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    2. I love the story about the yellow bunny. He loved it so much, he decided to marry it! Bob uses some interesting descriptors from time to time, and "shaped like a spark plug" really fits this particular neighbor-widow. There's one woman in the neighborhood that he recently asked out for coffee, but she responded really nastily to his invitation: "I'm still not over my divorce from 10 years ago! And, I don't even like coffee anyway!" The next day, he saw he out walking her dog, and told her that the way she responded had hurt his feelings and that he thought she'd overreacted to his invitation: he was just asking her to have coffee, for goodness' sake! Re: living in a cabin, maybe what you need is a man-cave, Robert...no women allowed! :-)

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    3. typo: "he saw her out walking her dog"

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  7. The internet is my man cave. :)

    @RPD Heh-heh. I hope you fall over and break something. :p

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  8. It would be so easy for Bob to have ended up damaged. That they are no, and are trying to live their lives as best they can, is glorious.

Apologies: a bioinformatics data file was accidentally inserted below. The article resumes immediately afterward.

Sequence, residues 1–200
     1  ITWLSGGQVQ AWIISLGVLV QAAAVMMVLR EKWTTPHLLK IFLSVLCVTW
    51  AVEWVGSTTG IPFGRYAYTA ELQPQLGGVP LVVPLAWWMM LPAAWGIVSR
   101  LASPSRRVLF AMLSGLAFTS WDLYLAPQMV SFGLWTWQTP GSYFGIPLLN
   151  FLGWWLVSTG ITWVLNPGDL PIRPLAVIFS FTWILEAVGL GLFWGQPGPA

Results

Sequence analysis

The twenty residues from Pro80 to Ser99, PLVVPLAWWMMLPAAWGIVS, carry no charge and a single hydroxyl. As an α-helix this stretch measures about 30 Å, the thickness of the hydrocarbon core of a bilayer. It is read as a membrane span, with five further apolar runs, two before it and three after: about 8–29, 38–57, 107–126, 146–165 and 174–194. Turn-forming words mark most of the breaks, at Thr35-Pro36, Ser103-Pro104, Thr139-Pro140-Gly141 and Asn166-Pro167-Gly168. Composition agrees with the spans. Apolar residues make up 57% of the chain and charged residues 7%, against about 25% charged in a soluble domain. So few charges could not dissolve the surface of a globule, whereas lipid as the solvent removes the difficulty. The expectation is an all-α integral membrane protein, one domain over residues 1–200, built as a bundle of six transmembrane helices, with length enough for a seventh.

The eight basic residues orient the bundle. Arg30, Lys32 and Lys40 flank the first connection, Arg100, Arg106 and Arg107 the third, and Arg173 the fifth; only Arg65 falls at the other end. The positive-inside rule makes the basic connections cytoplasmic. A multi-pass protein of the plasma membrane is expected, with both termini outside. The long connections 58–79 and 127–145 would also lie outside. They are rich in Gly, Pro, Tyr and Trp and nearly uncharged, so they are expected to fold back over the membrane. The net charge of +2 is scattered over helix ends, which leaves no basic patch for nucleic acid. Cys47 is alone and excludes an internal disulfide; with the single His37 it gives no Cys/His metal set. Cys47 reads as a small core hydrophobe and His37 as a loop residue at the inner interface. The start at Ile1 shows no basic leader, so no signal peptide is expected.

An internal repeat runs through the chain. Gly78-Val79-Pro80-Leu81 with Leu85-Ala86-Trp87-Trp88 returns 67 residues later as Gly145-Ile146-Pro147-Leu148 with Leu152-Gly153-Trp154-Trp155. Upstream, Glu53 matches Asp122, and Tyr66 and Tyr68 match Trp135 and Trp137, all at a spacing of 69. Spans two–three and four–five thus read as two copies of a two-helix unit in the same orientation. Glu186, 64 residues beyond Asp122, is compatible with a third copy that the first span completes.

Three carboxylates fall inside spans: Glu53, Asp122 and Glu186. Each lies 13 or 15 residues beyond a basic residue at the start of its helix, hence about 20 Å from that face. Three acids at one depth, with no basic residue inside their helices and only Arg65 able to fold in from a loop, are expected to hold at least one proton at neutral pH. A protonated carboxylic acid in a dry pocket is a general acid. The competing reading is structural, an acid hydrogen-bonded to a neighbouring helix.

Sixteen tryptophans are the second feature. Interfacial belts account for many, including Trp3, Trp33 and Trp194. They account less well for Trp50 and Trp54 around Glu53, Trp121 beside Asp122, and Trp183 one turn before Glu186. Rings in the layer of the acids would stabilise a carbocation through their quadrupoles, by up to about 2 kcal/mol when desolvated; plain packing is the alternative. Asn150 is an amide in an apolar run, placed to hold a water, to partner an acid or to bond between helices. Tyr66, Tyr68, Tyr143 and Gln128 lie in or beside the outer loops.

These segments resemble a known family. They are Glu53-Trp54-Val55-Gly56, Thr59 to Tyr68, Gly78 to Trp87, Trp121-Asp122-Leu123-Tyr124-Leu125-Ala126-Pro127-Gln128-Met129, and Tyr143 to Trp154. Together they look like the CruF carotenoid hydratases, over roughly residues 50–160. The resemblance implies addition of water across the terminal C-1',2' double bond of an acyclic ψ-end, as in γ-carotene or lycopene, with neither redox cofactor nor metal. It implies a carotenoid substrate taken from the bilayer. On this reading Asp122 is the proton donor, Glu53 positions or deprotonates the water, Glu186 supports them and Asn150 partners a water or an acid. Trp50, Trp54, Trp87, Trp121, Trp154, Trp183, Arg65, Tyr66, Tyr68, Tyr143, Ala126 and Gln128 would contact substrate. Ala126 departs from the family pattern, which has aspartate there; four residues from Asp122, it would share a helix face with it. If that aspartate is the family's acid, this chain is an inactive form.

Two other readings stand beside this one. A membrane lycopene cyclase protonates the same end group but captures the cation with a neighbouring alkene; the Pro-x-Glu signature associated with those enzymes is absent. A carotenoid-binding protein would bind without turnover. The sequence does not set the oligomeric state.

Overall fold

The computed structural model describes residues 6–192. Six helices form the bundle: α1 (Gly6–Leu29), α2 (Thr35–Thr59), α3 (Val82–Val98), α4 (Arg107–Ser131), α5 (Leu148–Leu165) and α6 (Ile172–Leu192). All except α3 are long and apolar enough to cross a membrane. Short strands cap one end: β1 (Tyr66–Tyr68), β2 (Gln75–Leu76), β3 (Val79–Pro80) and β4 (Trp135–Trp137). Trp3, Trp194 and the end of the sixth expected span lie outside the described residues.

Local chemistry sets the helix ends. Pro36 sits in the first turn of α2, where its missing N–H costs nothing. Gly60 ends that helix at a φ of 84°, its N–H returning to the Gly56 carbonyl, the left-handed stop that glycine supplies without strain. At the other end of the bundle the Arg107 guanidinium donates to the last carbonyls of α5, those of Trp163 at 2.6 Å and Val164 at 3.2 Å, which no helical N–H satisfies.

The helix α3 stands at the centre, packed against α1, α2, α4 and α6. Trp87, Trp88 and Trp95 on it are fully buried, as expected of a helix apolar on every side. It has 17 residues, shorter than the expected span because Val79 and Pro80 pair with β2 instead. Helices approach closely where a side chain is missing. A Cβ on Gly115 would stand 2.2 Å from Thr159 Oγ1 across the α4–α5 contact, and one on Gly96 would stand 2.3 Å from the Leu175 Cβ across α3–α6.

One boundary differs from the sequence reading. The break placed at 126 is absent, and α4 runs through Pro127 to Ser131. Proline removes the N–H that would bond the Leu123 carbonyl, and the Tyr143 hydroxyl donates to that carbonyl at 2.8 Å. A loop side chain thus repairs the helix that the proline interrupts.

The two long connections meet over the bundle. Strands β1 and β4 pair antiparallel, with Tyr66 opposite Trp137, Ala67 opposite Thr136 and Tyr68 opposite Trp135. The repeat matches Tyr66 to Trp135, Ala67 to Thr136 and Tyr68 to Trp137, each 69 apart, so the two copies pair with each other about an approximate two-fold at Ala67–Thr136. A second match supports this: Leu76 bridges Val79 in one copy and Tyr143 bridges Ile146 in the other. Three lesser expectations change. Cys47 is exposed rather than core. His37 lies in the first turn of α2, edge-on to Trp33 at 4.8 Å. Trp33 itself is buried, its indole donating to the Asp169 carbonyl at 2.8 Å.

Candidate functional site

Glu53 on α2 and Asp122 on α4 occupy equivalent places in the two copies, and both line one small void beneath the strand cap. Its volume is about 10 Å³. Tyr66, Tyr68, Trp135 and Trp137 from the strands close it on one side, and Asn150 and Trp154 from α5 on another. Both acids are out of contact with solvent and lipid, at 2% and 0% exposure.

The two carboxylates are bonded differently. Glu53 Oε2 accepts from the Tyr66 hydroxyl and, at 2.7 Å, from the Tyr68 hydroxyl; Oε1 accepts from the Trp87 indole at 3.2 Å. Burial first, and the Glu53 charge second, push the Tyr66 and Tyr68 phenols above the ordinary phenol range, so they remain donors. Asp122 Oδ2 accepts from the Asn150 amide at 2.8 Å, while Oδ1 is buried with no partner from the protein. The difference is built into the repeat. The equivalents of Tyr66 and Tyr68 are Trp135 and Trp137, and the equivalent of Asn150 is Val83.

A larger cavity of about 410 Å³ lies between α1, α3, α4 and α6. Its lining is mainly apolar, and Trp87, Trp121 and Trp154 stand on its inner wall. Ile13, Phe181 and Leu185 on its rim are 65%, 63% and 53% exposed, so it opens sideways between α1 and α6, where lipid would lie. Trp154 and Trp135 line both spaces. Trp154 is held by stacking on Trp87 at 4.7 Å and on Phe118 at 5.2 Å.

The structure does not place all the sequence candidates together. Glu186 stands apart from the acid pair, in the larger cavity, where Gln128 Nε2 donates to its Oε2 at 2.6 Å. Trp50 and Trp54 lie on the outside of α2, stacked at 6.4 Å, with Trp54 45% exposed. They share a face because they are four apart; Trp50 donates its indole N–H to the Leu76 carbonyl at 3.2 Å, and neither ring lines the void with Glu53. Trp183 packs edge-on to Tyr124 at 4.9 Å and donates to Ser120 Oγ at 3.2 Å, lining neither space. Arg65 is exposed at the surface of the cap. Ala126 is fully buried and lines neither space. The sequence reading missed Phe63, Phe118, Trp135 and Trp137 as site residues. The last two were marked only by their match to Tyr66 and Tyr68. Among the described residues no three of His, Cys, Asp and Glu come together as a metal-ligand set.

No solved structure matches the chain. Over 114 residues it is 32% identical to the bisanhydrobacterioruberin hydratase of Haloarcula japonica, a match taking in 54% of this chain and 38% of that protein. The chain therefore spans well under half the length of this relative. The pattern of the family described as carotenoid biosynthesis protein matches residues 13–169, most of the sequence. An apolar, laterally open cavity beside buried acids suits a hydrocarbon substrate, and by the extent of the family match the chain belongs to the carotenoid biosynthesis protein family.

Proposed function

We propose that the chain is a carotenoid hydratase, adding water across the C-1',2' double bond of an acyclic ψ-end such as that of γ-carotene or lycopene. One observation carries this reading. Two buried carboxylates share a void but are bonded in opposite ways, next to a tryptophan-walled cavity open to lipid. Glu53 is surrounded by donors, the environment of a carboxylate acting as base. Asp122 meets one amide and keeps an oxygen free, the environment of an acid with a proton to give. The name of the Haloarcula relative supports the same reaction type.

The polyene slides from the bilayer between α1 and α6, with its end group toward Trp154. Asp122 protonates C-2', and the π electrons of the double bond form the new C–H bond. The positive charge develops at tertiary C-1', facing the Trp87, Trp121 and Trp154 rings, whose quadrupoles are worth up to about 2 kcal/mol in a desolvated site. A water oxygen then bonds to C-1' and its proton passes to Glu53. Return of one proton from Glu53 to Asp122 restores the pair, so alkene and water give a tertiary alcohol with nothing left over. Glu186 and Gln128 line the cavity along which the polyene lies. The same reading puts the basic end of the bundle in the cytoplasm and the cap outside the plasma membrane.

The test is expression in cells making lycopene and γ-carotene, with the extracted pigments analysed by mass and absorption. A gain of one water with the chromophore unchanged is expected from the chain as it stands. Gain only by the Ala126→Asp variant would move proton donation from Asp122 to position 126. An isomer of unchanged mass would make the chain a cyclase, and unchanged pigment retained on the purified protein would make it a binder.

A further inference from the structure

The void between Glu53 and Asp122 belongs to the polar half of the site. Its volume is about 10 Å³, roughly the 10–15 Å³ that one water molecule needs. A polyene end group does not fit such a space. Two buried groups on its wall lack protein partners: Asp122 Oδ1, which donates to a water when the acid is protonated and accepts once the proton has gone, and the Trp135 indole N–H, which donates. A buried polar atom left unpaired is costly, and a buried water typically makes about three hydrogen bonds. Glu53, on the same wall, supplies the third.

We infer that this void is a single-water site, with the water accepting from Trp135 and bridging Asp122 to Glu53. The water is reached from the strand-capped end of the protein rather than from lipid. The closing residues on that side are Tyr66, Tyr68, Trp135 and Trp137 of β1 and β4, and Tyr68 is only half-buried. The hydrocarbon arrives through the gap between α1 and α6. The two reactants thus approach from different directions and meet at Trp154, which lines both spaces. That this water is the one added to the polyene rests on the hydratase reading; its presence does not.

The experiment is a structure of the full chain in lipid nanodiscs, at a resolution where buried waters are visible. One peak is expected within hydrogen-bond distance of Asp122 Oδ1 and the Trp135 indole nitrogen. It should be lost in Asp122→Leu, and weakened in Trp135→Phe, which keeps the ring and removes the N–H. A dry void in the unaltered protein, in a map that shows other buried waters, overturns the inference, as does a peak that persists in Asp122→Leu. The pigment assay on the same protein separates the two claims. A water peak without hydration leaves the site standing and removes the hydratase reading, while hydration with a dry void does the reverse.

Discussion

Ps. Thumbs up to the "Not changing him" thing. There's that old cliche about women spending years changing their husbands then moaning that they aren't the man she married. All too often true in real life.

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    1. Big D, that's a sad cliche, isn't it? Given that, it's not surprising so many marriages end up in divorce.

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  9. This was a touching story Kris. The heart is a delicate organ. If one thing isn't try to kill it another is trying to break it. Love is always there, sometimes we even find where "there" is, sometimes we can even get to hold on to it. If nothing else, we get to remember love.

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    1. Where "there" is is often much closer than we think.

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  10. It is a wonderful love journey. Childhood certainly had its' most impact in a person's life. I totally understand Spatacus and I am so happy that he found you in his life.

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    1. I agree, Yunyi, I think childhood experiences can greatly impact us later in life, especially with regard to trusting others. Getting to know another person for me has always included gaining an understanding of what they were like as kids.